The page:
There is always a way. Keep that in mind when you travel. When you have little time off (say, a long weekend), and many things you want to do it’s easy to get worked up when things don’t go exactly to plan. In the Tour of America blog I always emphasized the importance of flexibility, because only by being flexible could we deal with the many unexpected events that travel threw at us.
In other words, we had a choice: we could go through life on the road constantly being disappointed by things … things we couldn’t do, things that went wrong, things that made life a little harder … or we could roll with the punches, think creatively, and look for alternatives. “Always look on the bright side of life.” This has been particularly applicable to our overnight stays lately. To get to the places we wanted to be, we’ve had to work a little outside the box.
On Monday we drove from Cortez CO down through the Navajo Nation on Rt 491 about 100 miles to Interstate 40. As drives go, Rt 491 is not especially fantastic but it is not bad. The Navajo Nation is sparsely settled, with a few small towns that hold most of the population. Along the road you’ll see scattered homes and small farms, and almost every home has a traditional hogan beside it.
If you look closely you might see small hand-lettered signs for “Indian Frybread” or other items for sale, but it’s not until you reach I-40 that the big-time tourist traps start to appear. There are several along I-40, including Geronimo’s, Chee’s, and Indian City. You can get authentic Navajo rugs and other crafts in these places, but beware … if you see a rug (not a wall hanging) that costs less than $200, it’s probably not a true Navajo rug. They are meticulously hand made and quite expensive, even in the small sizes. $600 for a 3×2 rug is not uncommon, if the quality is high.
Our goal for the day was Petrified Forest National Park. For drive-by park visitors, this has to be one of the most convenient in the USA. You just exit I-40 and there you are at the Visitor Center. The entire park is a drive-through, with pull-outs or parking lots at all the interesting spots. Almost all of the parking lots are big enough for any RV. If you have a full day, you can putter down the 28-mile road, stop at half a dozen good places, and exit the park at the southern end with time to spare. That puts you on Rt 180 which brings you northwest to I-40 again.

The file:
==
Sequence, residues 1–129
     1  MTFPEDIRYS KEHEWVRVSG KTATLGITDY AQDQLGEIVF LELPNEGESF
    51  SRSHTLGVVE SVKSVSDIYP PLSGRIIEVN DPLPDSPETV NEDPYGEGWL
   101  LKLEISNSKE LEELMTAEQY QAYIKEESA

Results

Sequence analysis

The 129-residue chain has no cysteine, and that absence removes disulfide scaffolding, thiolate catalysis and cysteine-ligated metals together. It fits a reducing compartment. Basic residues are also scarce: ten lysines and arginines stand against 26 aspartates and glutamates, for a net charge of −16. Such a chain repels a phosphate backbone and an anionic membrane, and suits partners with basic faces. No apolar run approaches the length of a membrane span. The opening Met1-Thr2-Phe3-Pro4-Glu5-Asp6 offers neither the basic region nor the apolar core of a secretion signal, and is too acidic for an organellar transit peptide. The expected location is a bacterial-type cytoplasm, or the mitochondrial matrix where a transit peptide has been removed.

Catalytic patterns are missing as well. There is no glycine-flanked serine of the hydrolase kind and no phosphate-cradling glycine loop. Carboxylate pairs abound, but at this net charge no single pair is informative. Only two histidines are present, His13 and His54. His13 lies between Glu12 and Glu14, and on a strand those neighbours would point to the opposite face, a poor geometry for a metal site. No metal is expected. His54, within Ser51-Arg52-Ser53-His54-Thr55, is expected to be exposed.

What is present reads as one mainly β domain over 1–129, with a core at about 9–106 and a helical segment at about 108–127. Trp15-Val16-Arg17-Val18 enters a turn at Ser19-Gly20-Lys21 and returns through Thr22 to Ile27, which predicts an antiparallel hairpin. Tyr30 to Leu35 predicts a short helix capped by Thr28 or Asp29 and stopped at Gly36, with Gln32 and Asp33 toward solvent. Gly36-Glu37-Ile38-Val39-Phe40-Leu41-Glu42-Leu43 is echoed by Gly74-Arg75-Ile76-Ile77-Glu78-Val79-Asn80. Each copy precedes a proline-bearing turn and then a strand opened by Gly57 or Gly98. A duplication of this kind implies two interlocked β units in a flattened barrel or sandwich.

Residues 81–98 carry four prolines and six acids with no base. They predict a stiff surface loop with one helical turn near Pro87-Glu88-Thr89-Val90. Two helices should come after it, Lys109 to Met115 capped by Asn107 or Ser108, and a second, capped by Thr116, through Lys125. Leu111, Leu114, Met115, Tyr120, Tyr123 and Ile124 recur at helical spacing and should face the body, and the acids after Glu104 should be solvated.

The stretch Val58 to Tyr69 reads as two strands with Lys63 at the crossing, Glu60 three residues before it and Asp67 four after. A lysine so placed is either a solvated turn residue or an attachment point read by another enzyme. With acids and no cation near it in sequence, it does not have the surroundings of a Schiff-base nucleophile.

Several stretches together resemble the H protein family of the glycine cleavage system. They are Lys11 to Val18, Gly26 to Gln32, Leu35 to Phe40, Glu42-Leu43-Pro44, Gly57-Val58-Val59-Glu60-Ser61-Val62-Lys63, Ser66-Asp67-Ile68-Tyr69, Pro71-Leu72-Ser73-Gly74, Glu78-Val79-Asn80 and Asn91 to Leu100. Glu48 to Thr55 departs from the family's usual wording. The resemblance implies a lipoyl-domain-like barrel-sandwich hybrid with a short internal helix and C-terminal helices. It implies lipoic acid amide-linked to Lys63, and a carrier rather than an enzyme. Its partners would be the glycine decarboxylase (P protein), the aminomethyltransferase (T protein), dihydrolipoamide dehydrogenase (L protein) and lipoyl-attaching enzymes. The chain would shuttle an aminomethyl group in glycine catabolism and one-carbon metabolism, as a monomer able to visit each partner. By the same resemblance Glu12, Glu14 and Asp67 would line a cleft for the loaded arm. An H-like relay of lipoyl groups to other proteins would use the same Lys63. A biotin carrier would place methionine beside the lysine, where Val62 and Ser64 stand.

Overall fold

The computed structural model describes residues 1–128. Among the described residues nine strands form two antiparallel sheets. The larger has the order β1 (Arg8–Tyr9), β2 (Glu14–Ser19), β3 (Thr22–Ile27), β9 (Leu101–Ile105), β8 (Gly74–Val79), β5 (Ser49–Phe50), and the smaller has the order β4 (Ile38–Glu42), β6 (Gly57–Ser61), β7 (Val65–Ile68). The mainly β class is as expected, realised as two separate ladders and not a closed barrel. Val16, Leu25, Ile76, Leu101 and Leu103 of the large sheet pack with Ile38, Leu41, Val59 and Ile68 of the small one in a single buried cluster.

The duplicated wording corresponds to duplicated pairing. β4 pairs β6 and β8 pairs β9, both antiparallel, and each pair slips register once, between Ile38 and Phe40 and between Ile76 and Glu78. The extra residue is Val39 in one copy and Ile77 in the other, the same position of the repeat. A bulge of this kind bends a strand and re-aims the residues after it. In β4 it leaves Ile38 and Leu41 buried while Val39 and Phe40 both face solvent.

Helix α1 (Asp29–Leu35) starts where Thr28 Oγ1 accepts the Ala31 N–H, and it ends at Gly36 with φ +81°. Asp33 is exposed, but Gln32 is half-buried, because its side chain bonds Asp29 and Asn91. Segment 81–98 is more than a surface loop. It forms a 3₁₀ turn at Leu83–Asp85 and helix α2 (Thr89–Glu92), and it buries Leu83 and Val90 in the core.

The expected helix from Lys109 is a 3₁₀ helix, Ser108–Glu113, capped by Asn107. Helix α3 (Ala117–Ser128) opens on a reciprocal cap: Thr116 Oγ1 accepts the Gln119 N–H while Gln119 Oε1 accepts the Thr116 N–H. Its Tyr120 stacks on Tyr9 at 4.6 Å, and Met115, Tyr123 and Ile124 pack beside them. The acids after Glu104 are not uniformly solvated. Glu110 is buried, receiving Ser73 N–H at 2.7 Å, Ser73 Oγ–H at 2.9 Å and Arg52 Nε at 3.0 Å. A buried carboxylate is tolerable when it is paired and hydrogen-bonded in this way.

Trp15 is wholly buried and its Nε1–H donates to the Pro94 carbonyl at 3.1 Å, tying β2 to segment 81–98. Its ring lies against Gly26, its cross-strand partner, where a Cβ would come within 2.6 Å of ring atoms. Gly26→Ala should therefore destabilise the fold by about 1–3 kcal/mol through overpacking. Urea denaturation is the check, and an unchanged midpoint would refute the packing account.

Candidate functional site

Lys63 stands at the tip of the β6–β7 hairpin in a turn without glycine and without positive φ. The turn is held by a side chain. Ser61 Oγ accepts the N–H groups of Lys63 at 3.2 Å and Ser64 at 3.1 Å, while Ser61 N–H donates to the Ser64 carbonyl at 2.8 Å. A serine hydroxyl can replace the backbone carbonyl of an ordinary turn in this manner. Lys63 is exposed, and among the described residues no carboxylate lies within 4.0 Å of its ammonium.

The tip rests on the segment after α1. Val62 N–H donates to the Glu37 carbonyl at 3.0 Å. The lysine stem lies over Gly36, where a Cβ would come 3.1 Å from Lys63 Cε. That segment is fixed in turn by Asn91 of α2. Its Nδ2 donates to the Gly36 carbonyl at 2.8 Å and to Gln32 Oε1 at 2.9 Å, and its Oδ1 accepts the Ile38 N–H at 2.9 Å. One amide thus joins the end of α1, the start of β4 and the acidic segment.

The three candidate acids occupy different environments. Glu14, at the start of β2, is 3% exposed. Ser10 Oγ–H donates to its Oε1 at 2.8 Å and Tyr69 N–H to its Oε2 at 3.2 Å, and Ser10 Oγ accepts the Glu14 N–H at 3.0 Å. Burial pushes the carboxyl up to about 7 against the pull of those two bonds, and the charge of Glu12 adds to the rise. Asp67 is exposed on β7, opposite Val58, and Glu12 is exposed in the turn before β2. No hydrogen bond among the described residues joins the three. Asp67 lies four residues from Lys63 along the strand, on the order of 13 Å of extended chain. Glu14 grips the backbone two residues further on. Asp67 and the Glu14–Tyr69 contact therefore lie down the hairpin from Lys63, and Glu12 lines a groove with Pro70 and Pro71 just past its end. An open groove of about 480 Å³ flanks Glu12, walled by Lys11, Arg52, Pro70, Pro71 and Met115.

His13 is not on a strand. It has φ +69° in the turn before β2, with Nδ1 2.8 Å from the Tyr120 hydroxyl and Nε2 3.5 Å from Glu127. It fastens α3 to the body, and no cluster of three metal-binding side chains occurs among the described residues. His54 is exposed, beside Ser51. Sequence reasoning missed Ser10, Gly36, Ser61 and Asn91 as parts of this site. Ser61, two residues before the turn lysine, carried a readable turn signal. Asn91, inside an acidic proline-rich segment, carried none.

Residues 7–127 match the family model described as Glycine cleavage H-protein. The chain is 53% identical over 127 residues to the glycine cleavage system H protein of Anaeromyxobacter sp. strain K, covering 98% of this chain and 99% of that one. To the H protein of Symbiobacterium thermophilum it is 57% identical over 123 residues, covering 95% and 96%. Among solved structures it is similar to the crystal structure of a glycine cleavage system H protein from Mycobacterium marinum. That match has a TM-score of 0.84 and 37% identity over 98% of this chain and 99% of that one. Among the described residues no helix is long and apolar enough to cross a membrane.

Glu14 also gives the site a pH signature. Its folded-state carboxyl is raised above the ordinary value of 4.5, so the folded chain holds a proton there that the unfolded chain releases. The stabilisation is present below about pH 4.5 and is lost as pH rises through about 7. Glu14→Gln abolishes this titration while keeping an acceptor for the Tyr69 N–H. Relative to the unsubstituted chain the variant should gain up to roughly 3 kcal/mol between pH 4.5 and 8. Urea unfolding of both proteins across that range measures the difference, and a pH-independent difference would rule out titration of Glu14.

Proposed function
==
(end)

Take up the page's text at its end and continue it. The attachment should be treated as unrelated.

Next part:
There is a little hiking to be done in Petrified Forest. We’ve done most of the hikes before, but somehow managed to miss the “Long Logs” and “Agate House” trails from the museum/visitor center at the south end of the park, so we did those this time. Both are well worth the short walk (about 3 miles in total on level ground), but don’t be surprised if there’s a strong breeze. There’s not much to block the wind here, and it seems to be windy more often than not.
Along those trails are the best concentrations of the beautifully agatized ancient pine trees that give this park its name. You’ll also see a partially restored home (dating from about 1100 AD) made from blocks of petrified wood — that’s “Agate House.”
When you see all of the incredible and colorful petrified logs, the temptation to pick up a tiny piece as a souvenir is strong — but don’t do it! The park is amazing because people have been restrained enough not to loot the logs, and so they are still lying there at your feet as if you were the first person to discover them.
Besides, the fine for taking a piece, no matter how small, starts at $325, and every visitor to the park gets a “snitch sheet” for the express purpose of turning you in to the authorities! (If you want a big chunk, wait till you get up Rt 180 to the town of Holbrook, and you’ll find “Bob’s” has an incredible amount of legally-collected petrified wood for sale.)
There’s more to the park than just petrified wood, too. You’ll find some fantastic concentrations of petroglyphs at Newspaper Rock, and the remains of a small Ancient Puebloan settlement, called Puerco Pueblo.
For RV’ers, the minor challenge of Petrified Forest National Park is that there is no campground anywhere in the area. You have two choices: just drive through and continue to your destination elsewhere, or spend the night at one of the two large gift shops at the southern entrance of the park. Overnight parking there is free there, but if you want them to turn the electricity on you need to buy something in the store. Since there is no traffic in or out of the park at night, it’s beautifully quiet for sleeping.
That’s where we ended up for the night on Monday. On Tuesday we towed the Airstream back into the park for a second shot at some of the places, then had lunch in the Airstream, and finally departed to the west. I’ll describe our next stop, and the dodge we had to invent to make a national park visit possible, in tomorrow’s blog.